For paper and paperboard, we can refer to national laws: Germany, Italy, and the Netherlands have the most well-known legislations in place for paper and board and those are typically used as a basis for compliance. The German BfR Recommendation 36 and its parts on paper and paperboard are not legally binding, but they are recognized by industry and authorities. Given this, and the fact that the recommendations have a strong scientific background, they can be regarded as the de-facto regulation for paper and paperboard. The recommendations include a positive list, testing requirements for the final material, and specific provisions for recycled fibres.
The Dutch Warenwet in the Netherlands and the Ministerial Decree in Italy are other legislations that could be consulted. These are legally binding and have similar requirements to those in the BfR recommendation. The French DGCCRF has also issued a guidance document for paper and board, which is not legally binding, but well respected in France. This guidance considers all types of paper and board applications, including coated ones, and includes requirements for composition and testing by reference to other available legislation, such as BfR.
In addition to the BfR recommendations, industry strongly relies on guidance from associations operating within the paper industry.
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Thank you, Gülcan. And as we know, metal food contact material, or FCM regulations are not harmonized in the EU either. Gülcan, which national legislations are in place for metals and alloys?
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The Italian Ministerial Decree is known to have the most extensive regulations for metal materials, such as aluminium and stainless steel, for use in food contact. Therefore, it may be considered as the first point of reference when assessing the safety of metal FCMs.
Also, the Netherlands Warenwet has a section for metal FCMs, and the French DGCCRF has published a guidance for metal FCMs. The guideline prepared by the Council of Europe EDQM Resolution CM/Res(2013)9 on metals and alloys used in food contact materials and articles is often taken as a reference for testing of metals and alloys in the EU; it indicates release limits for metallic components and metals as contaminants. However, we must remember that it has no legal value.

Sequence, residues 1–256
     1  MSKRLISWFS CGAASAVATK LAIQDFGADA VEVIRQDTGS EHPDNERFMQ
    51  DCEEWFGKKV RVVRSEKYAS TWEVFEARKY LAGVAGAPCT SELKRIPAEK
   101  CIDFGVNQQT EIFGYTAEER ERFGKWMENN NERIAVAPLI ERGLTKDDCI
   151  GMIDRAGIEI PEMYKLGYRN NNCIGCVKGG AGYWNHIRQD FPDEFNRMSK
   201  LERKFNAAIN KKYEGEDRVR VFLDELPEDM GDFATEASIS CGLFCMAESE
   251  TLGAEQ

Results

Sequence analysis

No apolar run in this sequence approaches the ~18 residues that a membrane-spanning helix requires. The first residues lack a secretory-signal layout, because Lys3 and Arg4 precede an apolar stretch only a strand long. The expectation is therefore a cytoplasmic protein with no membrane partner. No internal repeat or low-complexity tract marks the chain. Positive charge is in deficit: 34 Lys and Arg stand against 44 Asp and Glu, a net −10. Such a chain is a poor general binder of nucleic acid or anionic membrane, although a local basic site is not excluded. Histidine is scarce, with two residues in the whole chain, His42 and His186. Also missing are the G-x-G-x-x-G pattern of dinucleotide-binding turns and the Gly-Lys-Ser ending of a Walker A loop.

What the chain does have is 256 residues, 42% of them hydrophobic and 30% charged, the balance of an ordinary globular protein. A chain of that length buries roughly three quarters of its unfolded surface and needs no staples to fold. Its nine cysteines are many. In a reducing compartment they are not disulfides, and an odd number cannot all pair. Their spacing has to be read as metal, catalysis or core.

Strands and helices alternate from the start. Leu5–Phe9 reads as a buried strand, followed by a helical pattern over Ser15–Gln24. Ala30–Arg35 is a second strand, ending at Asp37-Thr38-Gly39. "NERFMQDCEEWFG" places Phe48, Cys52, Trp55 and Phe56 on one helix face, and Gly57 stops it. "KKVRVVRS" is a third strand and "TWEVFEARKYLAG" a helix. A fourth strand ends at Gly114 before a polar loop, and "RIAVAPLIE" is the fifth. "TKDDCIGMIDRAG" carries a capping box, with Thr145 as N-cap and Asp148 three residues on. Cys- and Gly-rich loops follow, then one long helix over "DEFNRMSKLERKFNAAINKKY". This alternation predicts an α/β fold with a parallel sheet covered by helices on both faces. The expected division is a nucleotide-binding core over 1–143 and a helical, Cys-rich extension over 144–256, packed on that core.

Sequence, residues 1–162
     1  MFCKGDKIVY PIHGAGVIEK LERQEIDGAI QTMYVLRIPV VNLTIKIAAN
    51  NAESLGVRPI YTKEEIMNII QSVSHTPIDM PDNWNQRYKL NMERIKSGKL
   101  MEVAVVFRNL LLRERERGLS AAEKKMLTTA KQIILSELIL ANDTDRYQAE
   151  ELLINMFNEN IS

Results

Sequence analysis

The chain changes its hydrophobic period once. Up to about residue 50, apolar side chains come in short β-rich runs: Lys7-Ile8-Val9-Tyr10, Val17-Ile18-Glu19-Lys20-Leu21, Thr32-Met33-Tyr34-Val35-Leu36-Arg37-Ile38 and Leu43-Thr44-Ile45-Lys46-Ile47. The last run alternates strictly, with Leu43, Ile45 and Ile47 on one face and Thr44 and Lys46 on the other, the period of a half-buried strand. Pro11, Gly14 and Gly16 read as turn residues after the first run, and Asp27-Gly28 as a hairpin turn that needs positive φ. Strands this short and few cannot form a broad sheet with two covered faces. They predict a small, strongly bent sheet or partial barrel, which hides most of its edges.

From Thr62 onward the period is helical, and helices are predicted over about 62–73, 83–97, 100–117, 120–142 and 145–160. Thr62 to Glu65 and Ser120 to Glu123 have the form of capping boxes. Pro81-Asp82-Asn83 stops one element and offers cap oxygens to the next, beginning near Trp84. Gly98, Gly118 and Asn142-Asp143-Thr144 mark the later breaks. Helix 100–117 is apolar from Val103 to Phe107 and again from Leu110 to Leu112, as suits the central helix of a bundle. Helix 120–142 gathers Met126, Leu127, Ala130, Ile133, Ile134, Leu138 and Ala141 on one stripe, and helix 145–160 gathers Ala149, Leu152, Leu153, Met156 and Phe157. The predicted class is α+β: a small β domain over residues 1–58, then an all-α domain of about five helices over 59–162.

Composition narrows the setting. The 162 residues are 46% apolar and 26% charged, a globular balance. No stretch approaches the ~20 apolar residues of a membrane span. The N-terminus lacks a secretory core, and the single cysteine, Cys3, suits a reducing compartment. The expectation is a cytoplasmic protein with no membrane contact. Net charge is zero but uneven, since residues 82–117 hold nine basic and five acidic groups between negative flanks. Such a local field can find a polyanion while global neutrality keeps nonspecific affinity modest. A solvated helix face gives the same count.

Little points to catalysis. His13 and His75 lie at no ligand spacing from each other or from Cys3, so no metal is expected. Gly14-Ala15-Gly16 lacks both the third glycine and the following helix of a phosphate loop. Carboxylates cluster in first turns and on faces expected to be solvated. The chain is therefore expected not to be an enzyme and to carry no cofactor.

On a related note: Emmi, the regulatory status of food contact inks has recently evolved in EU. Can you give us more insight on that, please?
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Until recently, the Swiss Ordinance for printing inks was considered the de-facto regulation on food contact inks in the EU even though Switzerland is not an EU country. Until 2021, the Swiss printing inks ordinance was one-of-a-kind and based on scientific data on the safety of ink components and migration limits. However, Germany has been working on an ordinance of their own to ensure safe use of printing inks on food contact materials in the EU. The German printing ink ordinance came into force on December 2021, with a phase-in period lasting until 2025 to 2026 which allows industry to adjust accordingly. The ordinance applies to both printing inks and varnishes and includes a positive list of authorized substances to be used in the manufacturing of the materials.
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Thank you, Emmi.
To sum up the discussion, there are food contact materials for which regulations are not harmonized in the European Union. In these cases, the use of these materials must comply with applicable national laws of the Member States. If there are no applicable laws, various guidance documents can be referred to. We gave only a few examples of this today—the best compliance strategy is to adopt a case-by-case approach, which assess the regulatory landscape according to the material type.
Keeping in mind that all food contact materials must also comply with the Good Manufacturing Practice, or GMP regulation, we invite you to learn more about GMP in a new episode of this podcast series, coming soon. Thank you for listening and see you next time!
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Thank you, bye.